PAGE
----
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Live from Antarctica : Sunday 18th January

Some days just happen to be more surrealistic than others. You awake, knowing that something is different, but not quite sure what it is. And so, Sunday in Utsteinen turned out to be a very unusual day. To start with, the tent opening revealed a flawless blue sky, of a cerulean blue so intense that it would be dangerous to gaze at it too long for fear of being sucked in to the immensity and lost forever. The wind had dropped to a gentle caress, and the sun beat down on the sleeping denizens of this little tented camp with a smiling beatitude. It was the kind of day you feel guilty wasting.

The weather information sped back and forth between Utsteinen and Neumayer as we prepared for two rather special stopovers, without trying to appear too boastful about our incredible day. The first visit happened shortly after midday, as the gentlefolk of Utsteinen took their Sunday luncheon outside the mess tent. Polar 5, the Basler in the smart livery of the Alfred Wegener Institute hove into view, shortly after radio contact was established.

A welcoming committee drove down on skidoos to the air strip, with a Prinoth rumbling behind to take care of any heavy lifting that might be required. The doors swung open and Vasily Kaliazin of ALCI disembarked. He was accompanying a group of Russian VIPs, led by the famous Russian scientist and explorer and Member of the Duma, Dr Artur Chilingarov. The VIPS, members of the Russian parliament were on a fact-finding mission to Antarctica. A small lunch al fresco was organised and the visitors requested an informal visit of the site, which drew unanimous admiration. The group then toured the area by skidoo.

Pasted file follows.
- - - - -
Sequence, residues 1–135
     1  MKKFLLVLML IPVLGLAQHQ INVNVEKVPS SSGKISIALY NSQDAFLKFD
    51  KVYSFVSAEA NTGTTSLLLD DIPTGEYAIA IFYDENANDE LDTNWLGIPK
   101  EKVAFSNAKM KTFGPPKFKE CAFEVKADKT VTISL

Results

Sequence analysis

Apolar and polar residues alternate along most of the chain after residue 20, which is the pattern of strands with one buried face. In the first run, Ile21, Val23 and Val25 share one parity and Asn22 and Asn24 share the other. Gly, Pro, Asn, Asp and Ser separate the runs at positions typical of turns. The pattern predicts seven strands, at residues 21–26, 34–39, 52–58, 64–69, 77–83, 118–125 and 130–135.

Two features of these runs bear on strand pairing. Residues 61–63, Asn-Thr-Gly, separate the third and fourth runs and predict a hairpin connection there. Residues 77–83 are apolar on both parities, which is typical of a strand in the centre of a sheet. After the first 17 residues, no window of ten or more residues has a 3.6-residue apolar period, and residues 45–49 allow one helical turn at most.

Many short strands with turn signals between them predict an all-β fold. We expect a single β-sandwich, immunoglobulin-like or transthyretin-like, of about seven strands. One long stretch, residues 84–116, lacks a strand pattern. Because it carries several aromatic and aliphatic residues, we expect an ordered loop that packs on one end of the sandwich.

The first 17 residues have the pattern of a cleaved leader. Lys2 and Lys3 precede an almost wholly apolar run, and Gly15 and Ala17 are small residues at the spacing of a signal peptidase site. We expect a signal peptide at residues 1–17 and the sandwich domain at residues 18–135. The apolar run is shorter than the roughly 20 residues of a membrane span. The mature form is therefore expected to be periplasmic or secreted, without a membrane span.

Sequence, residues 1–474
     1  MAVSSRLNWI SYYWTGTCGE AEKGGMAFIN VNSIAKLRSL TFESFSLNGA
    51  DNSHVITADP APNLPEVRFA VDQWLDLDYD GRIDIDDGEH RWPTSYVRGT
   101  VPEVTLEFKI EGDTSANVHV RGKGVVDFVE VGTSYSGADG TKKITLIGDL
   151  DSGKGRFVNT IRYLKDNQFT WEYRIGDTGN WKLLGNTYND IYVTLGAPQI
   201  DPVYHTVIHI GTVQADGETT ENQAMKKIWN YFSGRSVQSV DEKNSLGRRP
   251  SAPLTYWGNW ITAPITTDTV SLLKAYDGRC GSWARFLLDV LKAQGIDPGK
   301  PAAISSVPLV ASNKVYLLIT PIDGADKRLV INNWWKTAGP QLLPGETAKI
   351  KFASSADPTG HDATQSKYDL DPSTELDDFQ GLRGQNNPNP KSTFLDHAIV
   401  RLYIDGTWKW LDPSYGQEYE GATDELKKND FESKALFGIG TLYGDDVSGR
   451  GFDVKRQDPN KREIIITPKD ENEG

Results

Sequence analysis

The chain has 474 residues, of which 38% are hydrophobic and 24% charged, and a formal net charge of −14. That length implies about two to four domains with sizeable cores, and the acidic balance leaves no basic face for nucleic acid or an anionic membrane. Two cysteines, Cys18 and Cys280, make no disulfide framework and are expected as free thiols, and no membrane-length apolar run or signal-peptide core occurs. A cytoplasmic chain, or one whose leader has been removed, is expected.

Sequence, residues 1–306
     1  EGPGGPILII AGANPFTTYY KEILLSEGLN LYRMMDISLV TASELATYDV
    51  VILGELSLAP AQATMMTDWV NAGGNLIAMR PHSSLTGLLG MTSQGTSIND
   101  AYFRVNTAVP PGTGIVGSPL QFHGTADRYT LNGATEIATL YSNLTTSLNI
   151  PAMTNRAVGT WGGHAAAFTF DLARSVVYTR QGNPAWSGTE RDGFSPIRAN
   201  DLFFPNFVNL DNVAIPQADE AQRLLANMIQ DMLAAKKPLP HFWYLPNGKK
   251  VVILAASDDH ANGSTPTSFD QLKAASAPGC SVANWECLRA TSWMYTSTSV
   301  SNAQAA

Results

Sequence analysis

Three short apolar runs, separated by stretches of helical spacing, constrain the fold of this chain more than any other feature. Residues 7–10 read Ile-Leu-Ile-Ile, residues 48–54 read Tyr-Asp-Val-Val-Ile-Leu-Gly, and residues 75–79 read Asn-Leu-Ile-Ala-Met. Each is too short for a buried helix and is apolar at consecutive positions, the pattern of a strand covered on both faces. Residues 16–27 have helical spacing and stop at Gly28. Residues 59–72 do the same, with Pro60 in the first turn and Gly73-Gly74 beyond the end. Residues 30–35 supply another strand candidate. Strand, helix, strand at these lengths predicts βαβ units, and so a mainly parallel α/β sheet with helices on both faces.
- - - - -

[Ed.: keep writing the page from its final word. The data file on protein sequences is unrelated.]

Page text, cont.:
In the early evening, the Basler Lidia called in by radio to announce that they would be landing at Utsteinen shortly, en route from the Australian Station, Davis, to the Russian Station Novolazarevskaia. This was the party of Prince Albert of Monaco. They were completing a 26-station tour of Antarctica with a flight crew of five. The two groups met at the airstrip and the whole party moved back to the Base Camp.

In the meantime, the Neumayer weather forecaster, Christian, sent out a warning that the weather situation was deteriorating from Neumayer to Novo and that the last flight out had to leave by midnight or the visitors risked being blocked for three days.

The group was thrilled by the beauty of the site and the incredible project that was being carried out there, declaring it to be the finest they had ever seen. They consented to join us for dinner. Once again, the catering team excelled and carried high the reputation of Belgian cuisine, with a melting canard confit, followed by a moelleux that did us proud before our illustrious guests.

The atmosphere was relaxed and friendly and many warm sentiments were expressed on all sides as the history of the area was discussed and Alain Hubert explained how he had walked over this area on his way to the other side of the continent. Dr Chilingarov reminded his hosts of the heroism of his friend the pilot Pirov who had rescued the Prince de Ligne and his party when their plane had crashed in the vicinity of the Mont Belgica. Earlier this season, Alain Hubert had discovered the wreckage of this incredibly fragile flying machine, underlining the enormous courage of those early scientists and explorers who had ventured into these parts in the interests of advancing human knowledge.

The friendship and mutual respect between Russia, Monaco and Belgium having been reinforced and celebrated by this truly surreal encounter on the edge of a frozen continent, our visitors, who by now had become our dear friends, returned to the Lidia and flew to Novo to continue with their activities.

The warm afterglow of this encounter kept us up late into the night exchanging stories in the mess tent with Greg and David who had done such a miraculous job of feeding more than 50, albeit with quite a bit more than fish and loaves of bread.

Nighat Amin

Author: IPF

Picture: International Polar Foundation - © International Polar Foundation

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